Writing in Slate, L. V. Anderson condemns simplistic, online training programs that are supposed to encourage regulatory compliance, but really just suck up time and money without improving behavior.
[L. V. Anderson, “Ethics Trainings Are Even Dumber Than You Think,” Slate, May 19, 2016.]
Regulators, managers, and employees are caught in a vicious cycle. Regulators pressure companies to implement training programs in hopes of reducing corporate crime and malfeasance. Executives implement training programs in hopes of protecting themselves against lawsuits and prosecution. Employees see through executives’ motivations and ignore, or even rebel against, the lessons of the trainings.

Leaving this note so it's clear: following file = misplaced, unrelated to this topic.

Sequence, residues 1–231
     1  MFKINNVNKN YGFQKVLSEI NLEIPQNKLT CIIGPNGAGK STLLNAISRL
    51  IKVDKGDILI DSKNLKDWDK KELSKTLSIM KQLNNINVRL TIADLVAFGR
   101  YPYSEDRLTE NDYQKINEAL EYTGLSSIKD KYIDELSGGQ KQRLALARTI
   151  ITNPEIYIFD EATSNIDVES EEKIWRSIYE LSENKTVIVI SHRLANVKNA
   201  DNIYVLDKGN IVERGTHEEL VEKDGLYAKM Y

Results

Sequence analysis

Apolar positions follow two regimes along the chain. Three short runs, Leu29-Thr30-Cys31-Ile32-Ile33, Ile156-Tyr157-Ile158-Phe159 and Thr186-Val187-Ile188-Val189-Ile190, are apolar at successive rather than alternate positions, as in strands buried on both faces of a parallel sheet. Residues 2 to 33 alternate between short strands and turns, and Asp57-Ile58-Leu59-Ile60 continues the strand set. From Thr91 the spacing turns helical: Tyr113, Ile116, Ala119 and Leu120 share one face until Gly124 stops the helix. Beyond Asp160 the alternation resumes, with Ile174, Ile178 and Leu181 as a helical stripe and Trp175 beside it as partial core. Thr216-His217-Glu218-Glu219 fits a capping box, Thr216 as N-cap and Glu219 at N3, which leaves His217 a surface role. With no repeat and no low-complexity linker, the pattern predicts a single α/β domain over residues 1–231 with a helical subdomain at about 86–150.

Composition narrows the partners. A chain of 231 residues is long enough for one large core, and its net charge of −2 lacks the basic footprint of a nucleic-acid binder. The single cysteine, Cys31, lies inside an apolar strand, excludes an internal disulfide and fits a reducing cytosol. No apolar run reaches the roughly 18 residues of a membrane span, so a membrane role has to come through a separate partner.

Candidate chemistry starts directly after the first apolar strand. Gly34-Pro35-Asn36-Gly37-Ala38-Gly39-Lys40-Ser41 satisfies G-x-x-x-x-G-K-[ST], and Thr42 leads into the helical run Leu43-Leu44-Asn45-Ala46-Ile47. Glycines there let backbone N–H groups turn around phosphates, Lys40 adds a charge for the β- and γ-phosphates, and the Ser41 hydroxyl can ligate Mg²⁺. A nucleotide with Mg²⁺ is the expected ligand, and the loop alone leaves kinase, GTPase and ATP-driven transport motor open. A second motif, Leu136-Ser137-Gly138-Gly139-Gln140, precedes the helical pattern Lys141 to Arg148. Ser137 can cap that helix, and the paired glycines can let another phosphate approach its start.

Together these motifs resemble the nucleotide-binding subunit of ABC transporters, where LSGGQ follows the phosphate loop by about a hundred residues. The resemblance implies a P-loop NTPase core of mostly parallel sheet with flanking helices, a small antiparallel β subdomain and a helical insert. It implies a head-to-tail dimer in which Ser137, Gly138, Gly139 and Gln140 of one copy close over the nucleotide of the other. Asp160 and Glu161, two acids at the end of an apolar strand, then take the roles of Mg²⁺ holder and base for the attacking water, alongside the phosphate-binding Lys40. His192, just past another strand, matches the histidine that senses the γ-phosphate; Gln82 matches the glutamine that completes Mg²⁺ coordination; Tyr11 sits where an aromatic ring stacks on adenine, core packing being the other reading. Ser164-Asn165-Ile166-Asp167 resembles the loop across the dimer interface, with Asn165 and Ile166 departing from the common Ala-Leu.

Although there’s not much research one way or the other, the online nature of compliance courses probably exacerbates this vicious cycle.
Anderson does not specifically mention the mortifyingly stupid CITI Program and its cousins in the IRB world, but everything she says applies to them.
The views, opinions and positions expressed by these authors and blogs are theirs and do not necessarily represent that of the Bioethics Research Library and Kennedy Institute of Ethics or Georgetown University.